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More than a third of kids displaced by Hurricane Katrina suffer from depression, anxiety, or behavioral and conduct disorders, according to researchers at Columbia University’s School of Public Health.  “From the perspective of children and families, the recovery from Katrina and the flooding of New Orleans has been a dismal failure,” according to  Dr. Irwin Redlener, quoted in the Journal of Disaster Management and Public Health Preparedness (August). Posted 10/20/10

Teaching clinicians about military life is the goal of “Operation Immersion.”  Civilian substance abuse professionals from 24 states spend two days sleeping in barracks, undergoing military-style training and inspections, and eating government-issue MREs.  (That’s meals-ready-to-eat.)  The program is co-sponsored by the Tennessee National Guard and the Substance Abuse and Mental Health Services Administration (SAMHSA).  There have been three of these in the last year, all in Tennessee, but SAMHSA hopes to see them duplicated in other states.  See more at www.tinyurl.com/2akjs52 Posted 10/20/10

Mama’s boys” have better mental health," according to Carlos Santos, whose presentation on that topic at the recent American Psychological Association convention in San Diego was picked up by Time magazine (August 27).  Boys who are close to their mothers are more emotionally open when they reach adolescence, have fewer mental health problems, and are more likely to disclose the problems they do have to doctors and other authority figures, leading to lower suicide rates.  Santos is a professor at Arizona State University’s School of Social and Family Dynamics. Posted 10/20/10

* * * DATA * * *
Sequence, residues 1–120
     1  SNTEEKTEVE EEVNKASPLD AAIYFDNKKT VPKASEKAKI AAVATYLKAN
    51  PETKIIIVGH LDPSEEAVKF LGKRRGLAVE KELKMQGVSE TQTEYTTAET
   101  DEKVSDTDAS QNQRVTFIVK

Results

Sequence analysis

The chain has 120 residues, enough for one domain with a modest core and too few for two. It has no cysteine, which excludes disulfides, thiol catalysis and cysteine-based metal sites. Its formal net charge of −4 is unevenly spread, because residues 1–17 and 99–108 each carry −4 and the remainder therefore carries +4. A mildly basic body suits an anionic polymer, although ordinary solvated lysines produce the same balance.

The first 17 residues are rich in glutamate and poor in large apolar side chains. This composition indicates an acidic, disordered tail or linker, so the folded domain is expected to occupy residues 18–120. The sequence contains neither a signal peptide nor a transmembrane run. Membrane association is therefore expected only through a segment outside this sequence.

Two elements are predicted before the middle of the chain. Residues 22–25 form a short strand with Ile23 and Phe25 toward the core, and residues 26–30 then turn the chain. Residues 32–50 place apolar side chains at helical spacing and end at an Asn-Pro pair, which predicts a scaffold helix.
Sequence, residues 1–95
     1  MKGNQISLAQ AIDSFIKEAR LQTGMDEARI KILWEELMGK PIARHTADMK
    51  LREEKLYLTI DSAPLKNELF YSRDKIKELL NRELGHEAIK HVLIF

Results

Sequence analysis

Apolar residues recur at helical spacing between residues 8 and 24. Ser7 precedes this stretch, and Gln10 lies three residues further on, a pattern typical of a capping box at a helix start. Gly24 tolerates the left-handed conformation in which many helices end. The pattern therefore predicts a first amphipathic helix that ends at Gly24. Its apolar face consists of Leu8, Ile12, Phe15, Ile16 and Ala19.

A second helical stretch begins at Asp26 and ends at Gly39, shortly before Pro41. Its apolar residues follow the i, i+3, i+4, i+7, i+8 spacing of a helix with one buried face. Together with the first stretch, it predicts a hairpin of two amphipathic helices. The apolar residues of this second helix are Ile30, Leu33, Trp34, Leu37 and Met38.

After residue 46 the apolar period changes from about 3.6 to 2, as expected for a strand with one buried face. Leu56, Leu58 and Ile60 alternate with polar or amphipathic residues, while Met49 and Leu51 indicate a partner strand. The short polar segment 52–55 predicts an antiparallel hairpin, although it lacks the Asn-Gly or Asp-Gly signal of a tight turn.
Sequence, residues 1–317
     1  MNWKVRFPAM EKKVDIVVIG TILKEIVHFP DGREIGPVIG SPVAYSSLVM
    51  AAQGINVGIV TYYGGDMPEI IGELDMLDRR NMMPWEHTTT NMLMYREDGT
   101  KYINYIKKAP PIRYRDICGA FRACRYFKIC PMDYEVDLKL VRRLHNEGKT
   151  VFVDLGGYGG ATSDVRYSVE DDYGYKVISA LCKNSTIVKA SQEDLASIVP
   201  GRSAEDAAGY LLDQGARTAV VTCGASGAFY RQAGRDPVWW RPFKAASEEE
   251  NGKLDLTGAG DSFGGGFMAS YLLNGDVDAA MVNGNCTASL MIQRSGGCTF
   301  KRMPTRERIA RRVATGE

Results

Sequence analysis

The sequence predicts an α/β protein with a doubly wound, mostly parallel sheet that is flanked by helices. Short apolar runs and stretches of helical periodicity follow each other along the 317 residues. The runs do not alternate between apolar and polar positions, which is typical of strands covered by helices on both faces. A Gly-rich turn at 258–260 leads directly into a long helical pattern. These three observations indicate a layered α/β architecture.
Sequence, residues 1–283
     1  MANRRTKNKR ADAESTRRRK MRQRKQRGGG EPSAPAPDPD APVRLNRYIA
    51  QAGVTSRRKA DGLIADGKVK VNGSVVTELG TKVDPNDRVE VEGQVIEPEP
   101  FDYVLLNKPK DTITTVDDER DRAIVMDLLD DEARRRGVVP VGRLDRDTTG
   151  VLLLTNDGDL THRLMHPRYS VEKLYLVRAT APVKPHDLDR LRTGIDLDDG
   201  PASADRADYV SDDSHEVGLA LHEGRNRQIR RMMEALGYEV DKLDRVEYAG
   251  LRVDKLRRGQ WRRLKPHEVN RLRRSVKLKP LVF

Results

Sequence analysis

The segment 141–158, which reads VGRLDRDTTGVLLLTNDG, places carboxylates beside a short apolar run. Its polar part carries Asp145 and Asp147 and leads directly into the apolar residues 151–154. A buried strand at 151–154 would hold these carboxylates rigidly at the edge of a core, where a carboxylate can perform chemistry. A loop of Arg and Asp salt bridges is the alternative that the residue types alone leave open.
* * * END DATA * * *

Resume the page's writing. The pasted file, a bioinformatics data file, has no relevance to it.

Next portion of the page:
Deadly Facebook postings:  The social networking site had some bad publicity this summer.  First, in Colombia, the posting of a “death list” with 69 names on it was dismmised by police as a hoax--until the first three people on it turned up dead.  According to a report on ABC News (August 25), a drug gang is suspected...Meanwhile, in Hanford, CA, Anthony Lozano allegedly kidnapped and tortured his girlfriend for four days in August after becoming jealous over a conversation she was having with another man via Facebook. Posted 10/20/10